All of your cells and tissues have receptors which are proteins attached to the cells and tissues (now think of these as little ears or antennae’s), and your hormones are the messengers for the cells and tissues to be able to respond (basically if you want them to produce energy, the hormone gets produced to tell the muscle cell’s mitochondria to do it’s stuff to create energy).  These receptors dimmish with age and the Estrogen Receptor Alpha which controls metabolism of sugar, insulin intolerance, muscle function, mitochondria power and fat tissue is one of the first to decline.  So, it doesn’t matter how much estrogen (HRT) you throw at it, to get the receptor to listen so the muscle cell can work because the receptor is not there in the same strength or concentration as it was, it can’t hear the message and therefore can not let that message into the cell or tissue.  But all this extra hormone upsets the rest of the body and so a side effects occur, which is weight gain. 

The reason HRT works for symptoms is because there are some estrogen receptors still there (as we have 12 types altogether) so that’s why it works well for treating some symptoms and preventing bone loss.  But turning our physiology back to PRE menopause it doesn’t do, unfortunately, we can not turn the clocks back to our 30 year old selves body.  The symptoms it helps with will also depend on your genetics too.


You will need to build you up slowly if you are new to exercise, and especially new to resistance/weight training.  So firstly, start with stability, mobility, and core, because these are the building blocks that need to be in place before any type of load or jumping can be added.  When you have good stability, you can move quickly and powerfully, with greater ease and less risk of injury.  Having good mobility enables you to move the way you want without being restricted by too much stiffness or by imbalances.  It makes your more stable because you can adjust and catch yourself when knocked off balance.  Also, Yoga because it not only helps with all the above, but it also helps control breathing, improve your breathing, and bring you into a more parasympathetic nervous system (rest & digest).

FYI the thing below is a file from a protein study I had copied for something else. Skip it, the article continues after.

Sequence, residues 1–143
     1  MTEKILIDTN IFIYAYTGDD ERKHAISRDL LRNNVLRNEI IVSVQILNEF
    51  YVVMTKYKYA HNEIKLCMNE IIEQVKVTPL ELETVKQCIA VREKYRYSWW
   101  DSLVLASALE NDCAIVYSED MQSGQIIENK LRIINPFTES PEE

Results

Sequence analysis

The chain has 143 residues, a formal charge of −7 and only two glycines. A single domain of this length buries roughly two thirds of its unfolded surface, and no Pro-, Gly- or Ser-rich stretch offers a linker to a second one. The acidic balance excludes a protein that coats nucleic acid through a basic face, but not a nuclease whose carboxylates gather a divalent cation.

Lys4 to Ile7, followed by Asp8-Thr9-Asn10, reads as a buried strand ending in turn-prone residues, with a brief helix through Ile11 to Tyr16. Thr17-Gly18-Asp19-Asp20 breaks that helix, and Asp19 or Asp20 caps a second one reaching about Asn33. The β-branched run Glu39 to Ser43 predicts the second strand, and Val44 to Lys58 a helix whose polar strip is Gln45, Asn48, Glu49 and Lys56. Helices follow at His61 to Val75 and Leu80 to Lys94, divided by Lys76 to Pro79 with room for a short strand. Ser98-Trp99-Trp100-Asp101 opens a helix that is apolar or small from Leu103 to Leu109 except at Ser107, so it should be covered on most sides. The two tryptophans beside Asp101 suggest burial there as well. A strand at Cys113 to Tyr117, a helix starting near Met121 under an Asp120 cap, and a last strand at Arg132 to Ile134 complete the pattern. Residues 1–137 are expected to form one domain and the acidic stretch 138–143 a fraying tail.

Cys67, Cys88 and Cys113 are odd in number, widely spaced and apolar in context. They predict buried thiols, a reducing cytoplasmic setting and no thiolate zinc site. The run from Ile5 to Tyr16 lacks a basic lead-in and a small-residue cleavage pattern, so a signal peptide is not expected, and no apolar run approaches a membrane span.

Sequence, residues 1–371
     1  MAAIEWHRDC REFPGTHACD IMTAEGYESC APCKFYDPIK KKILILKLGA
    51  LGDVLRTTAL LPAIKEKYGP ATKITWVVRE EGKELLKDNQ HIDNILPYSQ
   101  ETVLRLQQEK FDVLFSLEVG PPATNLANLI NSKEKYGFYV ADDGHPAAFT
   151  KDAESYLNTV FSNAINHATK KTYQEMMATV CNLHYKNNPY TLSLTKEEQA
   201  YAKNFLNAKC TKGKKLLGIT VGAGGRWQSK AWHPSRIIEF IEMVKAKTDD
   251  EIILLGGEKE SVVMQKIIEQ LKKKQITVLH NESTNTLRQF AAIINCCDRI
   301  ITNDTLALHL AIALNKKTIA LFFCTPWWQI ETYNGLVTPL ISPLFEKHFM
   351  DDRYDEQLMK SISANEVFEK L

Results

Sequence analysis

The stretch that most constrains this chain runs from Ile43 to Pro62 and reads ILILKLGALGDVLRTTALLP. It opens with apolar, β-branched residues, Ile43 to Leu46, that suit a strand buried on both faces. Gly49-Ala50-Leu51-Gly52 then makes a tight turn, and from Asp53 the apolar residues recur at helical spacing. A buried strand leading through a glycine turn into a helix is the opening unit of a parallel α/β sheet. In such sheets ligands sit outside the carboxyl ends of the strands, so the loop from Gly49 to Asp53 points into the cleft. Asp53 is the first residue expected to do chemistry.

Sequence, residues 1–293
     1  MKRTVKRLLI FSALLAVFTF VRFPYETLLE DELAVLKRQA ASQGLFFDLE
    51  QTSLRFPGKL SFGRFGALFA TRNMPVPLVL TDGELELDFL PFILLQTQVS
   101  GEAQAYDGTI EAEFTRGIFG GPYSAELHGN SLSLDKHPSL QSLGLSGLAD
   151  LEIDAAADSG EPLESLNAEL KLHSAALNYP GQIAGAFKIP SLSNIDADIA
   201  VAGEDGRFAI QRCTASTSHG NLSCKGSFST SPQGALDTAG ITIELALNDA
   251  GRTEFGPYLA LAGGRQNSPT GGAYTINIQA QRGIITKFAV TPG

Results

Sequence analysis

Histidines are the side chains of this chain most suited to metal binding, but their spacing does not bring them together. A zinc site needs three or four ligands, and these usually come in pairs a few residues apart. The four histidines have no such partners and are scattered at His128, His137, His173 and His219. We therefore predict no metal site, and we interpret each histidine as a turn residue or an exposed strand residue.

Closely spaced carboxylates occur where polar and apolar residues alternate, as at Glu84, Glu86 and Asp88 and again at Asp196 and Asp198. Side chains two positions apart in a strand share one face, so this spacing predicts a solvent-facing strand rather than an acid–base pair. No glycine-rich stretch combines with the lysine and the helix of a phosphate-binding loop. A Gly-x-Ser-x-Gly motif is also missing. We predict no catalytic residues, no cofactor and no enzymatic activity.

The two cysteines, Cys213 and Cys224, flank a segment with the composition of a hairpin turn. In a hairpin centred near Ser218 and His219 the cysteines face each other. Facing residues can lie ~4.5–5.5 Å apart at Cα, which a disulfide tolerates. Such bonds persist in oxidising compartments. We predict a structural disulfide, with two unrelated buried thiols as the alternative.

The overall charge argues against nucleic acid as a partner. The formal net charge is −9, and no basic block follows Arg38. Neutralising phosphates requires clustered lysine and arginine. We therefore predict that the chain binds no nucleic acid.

The next stage would be adding in a little bit of cardiovascular low impact work like stair climbing as we still need to be cardiovascular fit. If you have been doing triathlons or running etc this will not be new for you and this area will not need to be developed from scratch.

The next staGe would be brinGing in a small amount of plyometric work (jumping) as this helps with insulin sensitivity (Insulin is a hormone and what it does is act like a key to open up the cell to let glucose in, so if you are insulin sensitive the cell will not be able to take on the glucose and so the fat cells will take it on instead). It will also improve bone density (while running helps build bones, it is far less effective than jumping, because running is one-directional stress and too similar to the stress your bones get when walking/daily tasks and your body adapts to the stress you generally put on it. So, if you want your bones to adapt to be stronger, they need more multidirectional stimulus).

The strength can progress by adding bands, weights (which can be items around the house, or filled up water bottles if you don’t have any), and kettlebells or dumbbells etc.

HIIT/Sprint training provides the stimulus to trigger body composition changes that our hormones helped us achieve on our premenopausal years.  So, the biggest benefit from HIIT training will be improvement in body composition (reduction in fat storage), as it increases muscle and reduces fat in a relatively short period of time.  It coaxes your body into burning more fat for energy when you’re NOT exercising. The type of work involved is hard exercise followed by relatively short recovery periods, for example you might do intervals like 20s max effort, 10s rest, or other ratios like 30:30, 40:40 but the ratios are usually all under 1min.  BUT before this happens, if you are new to exercise, you should build up through the RPE scale (Rate of Perceived Exertion) starting at level 6 which means fairly uncomfortable, RPE 7 becoming uncomfortable, RPE 8 Hard, RPE 9 very hard, RPE 10 extremely hard!  Building through this scale so your fitness builds gradually so by the time you are scheduled to work at RPE 10, you are fit enough to handle that type of intensity.